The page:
Some people look up to Jay Z for his musical talents. Some people look up to the man for his business success. Some people look up to him because he managed to “put a ring on it” of the finger of Beyonce Knowles.
Right now, meeting professionals should look up to Jay Z for one reason: his failure.
The hip hop legend recently released his new album, “Magna Carta Holy Grail”, through a partnership with Samsung. In a move that flipped the music business upside down, he essentially sold 1 million copies of his record before it was ever released as Samsung launched an app that gave Samsung Galaxy smartphone owners first dibs on the record. A win-win, right? Jay Z made money, and Samsung continued to outpace Apple in the realm of coolness.
Not so fast. The partnership has come under serious fire due to its data collection tactics. Many customers complained about the need to basically turn over all of their phone’s information, and the Electronic Privacy Information Center, an advocacy group, is even asking the Federal Trade Commission to investigate the program.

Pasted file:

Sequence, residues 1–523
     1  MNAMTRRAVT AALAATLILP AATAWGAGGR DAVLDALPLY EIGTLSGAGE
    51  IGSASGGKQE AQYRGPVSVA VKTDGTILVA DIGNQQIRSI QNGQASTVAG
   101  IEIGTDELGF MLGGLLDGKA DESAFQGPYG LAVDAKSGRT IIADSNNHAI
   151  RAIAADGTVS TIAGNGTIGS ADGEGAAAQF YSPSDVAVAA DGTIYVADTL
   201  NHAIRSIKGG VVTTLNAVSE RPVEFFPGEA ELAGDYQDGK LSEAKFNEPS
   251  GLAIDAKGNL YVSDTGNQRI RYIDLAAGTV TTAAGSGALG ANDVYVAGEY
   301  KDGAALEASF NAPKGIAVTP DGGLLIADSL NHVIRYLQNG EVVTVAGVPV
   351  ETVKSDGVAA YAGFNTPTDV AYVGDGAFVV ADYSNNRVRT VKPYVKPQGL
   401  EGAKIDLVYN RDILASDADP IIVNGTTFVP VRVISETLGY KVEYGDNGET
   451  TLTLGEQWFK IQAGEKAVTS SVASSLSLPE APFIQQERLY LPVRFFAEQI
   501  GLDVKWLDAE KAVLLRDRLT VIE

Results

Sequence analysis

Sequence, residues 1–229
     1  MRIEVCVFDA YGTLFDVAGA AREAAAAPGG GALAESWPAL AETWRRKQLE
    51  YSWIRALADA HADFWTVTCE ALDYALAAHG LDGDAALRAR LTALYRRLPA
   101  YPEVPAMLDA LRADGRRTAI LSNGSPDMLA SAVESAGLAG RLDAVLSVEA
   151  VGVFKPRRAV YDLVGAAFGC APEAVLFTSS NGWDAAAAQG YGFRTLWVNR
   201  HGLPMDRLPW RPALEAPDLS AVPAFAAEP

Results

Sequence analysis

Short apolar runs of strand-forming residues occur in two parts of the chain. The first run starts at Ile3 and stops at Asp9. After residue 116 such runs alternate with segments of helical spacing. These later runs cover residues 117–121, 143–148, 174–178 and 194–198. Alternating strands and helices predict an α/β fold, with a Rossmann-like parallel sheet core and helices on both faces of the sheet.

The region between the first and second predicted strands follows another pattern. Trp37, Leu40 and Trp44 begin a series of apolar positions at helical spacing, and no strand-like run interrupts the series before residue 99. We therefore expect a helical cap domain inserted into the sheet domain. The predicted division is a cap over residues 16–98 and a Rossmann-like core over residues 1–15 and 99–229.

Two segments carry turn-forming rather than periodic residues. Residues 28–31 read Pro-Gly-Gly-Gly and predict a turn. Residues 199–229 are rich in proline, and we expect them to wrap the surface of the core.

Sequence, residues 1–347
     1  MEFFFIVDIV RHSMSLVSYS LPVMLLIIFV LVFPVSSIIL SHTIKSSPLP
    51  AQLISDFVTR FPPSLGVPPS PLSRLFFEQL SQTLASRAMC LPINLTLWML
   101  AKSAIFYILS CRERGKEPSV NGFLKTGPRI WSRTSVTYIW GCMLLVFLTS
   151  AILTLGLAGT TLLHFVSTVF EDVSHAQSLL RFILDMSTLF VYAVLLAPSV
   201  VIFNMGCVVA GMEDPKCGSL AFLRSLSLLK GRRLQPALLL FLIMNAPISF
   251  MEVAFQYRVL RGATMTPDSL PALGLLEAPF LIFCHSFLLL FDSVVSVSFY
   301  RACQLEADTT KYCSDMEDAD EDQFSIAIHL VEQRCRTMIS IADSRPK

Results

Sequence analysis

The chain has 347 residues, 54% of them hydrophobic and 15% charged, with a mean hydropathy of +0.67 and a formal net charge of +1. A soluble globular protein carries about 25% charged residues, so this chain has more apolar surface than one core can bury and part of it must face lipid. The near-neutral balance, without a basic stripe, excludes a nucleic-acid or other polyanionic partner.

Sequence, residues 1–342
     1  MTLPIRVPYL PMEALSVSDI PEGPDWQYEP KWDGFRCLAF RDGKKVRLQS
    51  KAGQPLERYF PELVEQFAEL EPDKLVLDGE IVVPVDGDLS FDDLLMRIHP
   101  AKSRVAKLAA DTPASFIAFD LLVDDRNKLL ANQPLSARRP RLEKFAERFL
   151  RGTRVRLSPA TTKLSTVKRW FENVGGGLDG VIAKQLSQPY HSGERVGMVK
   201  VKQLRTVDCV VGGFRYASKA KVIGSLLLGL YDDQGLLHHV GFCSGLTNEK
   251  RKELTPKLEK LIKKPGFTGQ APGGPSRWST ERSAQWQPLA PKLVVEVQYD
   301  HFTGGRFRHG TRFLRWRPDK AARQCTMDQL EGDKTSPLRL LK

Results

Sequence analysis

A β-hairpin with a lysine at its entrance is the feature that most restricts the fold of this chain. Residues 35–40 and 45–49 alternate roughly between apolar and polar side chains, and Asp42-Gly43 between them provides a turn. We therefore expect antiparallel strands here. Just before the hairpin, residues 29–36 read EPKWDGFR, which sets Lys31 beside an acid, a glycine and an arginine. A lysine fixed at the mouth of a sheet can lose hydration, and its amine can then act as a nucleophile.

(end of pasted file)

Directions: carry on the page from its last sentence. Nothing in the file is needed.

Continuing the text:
SEE ALSO: What Meetings Can Learn from the Music Business
So what do the issues surrounding a hip hop record have to do with the meetings industry? Well, pretty much everything.
At the first-ever PCMA Global Medical Meetings Summit, data was a hot topic. Many planners and association CEOs feared the same kind of backlash from their attendees and members. Some worried that using RFID to track their on-site activities might overstep the boundaries of privacy. No one wants a gang of angry attendees who lose their trust in an organization and worry that they may be selling their information to other parties.
SEE ALSO: 3 Questions Meeting Planners Need to Answer Now
Data represents some very big possibilities in today’s mobile-driven economy. When used properly, it can tailor an experience to meet individual needs while driving revenue opportunities. However, we’re in a sensitive time when it comes to privacy. While consumers are growing more comfortable with forking over their Facebook info and allowing apps to track their location, many of those consumers have lingering uncertainties about allowing companies to track their every move online and on-foot.
As meeting planners and hoteliers alike begin to gather more information about the preferences and activities of their attendees and guests, it’s crucial to proceed with caution.
If you’re interested in learning more about how to balance the obstacles and opportunities of big data, click here for more insights.